Old Warehouses and canal in Hamburg, Germany
As many of you know I spent my Christmas break with my wife in Germany. This is my third trip and with each visit I’ve grown more attached to the people, the landscape, and the culture. I find myself completely absorbed by my surroundings when abroad, especially in Germany. My passion for the history of the Civil War is replaced by an intense interest in the German experience in World War II. My visits always include a good book about the period. This time around I put a major dent in Richard Evans’s The Third Reich at War. I have little problem imagining the battles, lines of advance and ruins of places like Bonn and especially Koln owing to that iconic image of the bombed-out city center, including the cathedral and nearby railroad bridge.
My interest in the period, however, is not purely military. Even though I do not live a religious life I was raised in a Jewish family and my education early on was filled with survivors of and stories about the Holocaust. I don’t just bring that personal past with me to Germany, I am forced to confront it on a daily basis. It manifests itself in the form of a puzzle or set of seemingly contradictory perceptions. On the one hand I am married to a wonderful German woman. Her family has accepted me with open arms. I have never felt from anyone in my wife’s family – or for that matter anyone else in Germany – any feelings of Anti-Semitism.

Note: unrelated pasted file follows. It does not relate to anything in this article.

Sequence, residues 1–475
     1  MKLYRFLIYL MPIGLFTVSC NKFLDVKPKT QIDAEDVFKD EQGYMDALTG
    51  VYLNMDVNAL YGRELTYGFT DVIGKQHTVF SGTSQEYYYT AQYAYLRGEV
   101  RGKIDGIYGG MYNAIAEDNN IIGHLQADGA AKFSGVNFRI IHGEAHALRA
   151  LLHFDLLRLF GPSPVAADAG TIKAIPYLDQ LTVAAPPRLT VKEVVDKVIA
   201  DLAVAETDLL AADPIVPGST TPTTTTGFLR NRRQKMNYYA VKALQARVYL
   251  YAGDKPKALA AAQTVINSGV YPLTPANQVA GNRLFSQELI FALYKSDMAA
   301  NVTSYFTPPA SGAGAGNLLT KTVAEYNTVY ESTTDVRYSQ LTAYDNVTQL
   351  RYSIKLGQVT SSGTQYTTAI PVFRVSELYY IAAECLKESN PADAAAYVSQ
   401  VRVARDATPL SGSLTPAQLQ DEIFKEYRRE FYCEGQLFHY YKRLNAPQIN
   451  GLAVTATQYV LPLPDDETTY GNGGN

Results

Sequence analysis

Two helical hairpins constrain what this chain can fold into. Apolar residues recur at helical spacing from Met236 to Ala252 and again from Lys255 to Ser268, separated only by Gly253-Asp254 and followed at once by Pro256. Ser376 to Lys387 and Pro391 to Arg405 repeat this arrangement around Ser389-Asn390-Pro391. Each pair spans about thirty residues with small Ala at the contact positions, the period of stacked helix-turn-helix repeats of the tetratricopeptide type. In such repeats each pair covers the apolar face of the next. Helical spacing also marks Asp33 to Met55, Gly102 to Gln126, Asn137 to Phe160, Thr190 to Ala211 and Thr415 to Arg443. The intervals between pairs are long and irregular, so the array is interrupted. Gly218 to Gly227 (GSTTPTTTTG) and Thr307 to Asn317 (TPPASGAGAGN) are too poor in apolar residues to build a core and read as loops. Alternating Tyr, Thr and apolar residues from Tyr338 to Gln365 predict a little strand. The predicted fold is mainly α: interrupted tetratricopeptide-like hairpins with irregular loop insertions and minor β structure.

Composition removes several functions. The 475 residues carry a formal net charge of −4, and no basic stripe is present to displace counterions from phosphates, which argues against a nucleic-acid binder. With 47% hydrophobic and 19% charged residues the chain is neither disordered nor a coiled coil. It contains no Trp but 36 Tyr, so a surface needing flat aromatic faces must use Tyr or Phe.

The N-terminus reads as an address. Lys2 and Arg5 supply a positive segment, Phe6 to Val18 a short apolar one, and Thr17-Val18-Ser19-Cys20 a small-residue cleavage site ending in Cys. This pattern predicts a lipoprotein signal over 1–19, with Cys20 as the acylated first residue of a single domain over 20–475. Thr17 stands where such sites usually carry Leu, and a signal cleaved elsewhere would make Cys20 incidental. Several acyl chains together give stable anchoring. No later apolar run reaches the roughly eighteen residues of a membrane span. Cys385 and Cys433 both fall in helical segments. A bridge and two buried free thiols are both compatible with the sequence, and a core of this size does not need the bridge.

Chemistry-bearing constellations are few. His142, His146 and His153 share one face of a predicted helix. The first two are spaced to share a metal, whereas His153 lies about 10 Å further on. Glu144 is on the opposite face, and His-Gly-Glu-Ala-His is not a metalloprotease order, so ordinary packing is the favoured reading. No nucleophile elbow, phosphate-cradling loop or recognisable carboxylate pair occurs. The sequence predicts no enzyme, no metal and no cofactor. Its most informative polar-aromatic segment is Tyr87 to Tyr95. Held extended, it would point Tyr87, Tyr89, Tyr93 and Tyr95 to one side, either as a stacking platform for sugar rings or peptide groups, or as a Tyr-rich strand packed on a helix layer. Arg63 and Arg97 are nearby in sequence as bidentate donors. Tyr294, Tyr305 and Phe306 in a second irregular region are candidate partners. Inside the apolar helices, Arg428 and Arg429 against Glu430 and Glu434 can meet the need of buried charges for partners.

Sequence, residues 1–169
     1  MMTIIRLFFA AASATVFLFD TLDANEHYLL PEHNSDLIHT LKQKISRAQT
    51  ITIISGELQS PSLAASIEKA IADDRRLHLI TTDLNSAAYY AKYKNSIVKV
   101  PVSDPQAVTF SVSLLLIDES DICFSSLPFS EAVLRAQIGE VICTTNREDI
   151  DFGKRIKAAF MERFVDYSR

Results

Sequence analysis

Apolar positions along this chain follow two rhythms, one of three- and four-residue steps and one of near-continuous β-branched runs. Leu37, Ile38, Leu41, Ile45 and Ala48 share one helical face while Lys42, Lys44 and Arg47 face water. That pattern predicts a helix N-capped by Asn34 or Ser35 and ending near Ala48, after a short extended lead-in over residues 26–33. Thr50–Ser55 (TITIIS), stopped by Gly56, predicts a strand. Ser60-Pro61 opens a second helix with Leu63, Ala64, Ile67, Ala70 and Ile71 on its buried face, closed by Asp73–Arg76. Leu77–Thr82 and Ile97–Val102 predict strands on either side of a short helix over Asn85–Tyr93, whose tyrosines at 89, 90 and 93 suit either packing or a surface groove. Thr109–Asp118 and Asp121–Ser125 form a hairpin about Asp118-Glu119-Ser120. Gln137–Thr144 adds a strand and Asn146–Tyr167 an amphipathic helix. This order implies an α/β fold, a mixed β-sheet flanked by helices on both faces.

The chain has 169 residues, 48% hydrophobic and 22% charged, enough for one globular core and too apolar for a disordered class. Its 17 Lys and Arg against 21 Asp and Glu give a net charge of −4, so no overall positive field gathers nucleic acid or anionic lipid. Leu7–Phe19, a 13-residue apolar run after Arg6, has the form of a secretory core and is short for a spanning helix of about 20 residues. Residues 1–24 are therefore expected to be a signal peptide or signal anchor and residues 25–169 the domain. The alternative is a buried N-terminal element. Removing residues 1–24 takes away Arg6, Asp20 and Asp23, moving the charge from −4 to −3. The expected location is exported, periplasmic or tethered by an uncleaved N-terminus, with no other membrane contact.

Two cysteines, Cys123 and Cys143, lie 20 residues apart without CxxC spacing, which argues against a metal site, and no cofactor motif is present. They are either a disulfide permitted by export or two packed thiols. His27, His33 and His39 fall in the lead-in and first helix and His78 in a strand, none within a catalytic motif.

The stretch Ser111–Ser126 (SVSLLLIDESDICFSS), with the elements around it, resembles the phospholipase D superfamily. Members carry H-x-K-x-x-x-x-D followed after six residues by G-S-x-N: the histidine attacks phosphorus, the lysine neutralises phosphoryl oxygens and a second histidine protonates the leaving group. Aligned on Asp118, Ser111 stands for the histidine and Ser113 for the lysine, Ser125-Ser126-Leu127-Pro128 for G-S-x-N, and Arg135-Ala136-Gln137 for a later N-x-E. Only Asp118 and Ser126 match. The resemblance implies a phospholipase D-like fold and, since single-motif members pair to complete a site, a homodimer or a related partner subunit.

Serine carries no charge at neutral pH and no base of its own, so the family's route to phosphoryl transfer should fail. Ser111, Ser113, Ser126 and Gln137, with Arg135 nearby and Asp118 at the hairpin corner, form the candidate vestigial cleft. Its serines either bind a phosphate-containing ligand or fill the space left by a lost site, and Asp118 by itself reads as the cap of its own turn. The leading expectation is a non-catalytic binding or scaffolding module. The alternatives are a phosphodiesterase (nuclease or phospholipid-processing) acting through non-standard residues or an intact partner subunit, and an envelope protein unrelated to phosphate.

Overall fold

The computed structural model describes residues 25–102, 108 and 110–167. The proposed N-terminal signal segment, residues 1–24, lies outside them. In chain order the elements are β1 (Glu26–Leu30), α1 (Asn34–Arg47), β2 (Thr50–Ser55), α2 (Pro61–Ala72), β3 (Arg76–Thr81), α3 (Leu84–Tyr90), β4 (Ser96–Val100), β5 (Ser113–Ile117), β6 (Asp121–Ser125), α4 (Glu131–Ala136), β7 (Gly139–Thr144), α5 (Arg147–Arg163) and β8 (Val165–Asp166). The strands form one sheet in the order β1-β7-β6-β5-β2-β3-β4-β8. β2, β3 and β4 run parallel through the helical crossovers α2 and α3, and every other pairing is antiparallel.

At the same time I can’t help but acknowledge the brief span of time between today and the 1940s. For historians 70 years is a drop in the bucket. It’s impossible for me to ignore the fact that just a few decades my presence in this very same country would have been met with disgust, anger, and worse. I know this and at times it colors how I view the people around me. At times I find myself playing with the faces in the streets. I can imagine the elderly in their youth – young enough to have lived through the Nazi era and perhaps somehow contributing to the extermination of the Jewish people. I can imagine them forcing me onto a train. But what troubles me is how easily I can imagine younger male faces in German/SS uniforms. I can’t help but feel a certain amount of guilt and shame for doing so. After all, why saddle a younger generation with the past? The mental act is my way of trying to come to terms with what Hannah Arendt called the “banality of evil.” Why would my presence have been so revolting just a few decades ago when now I am welcomed with open arms? I’ve read plenty of philosophy and social scientists on just this question, but they provide me with little in terms of answers.
For me, the past and present collapse when in Germany.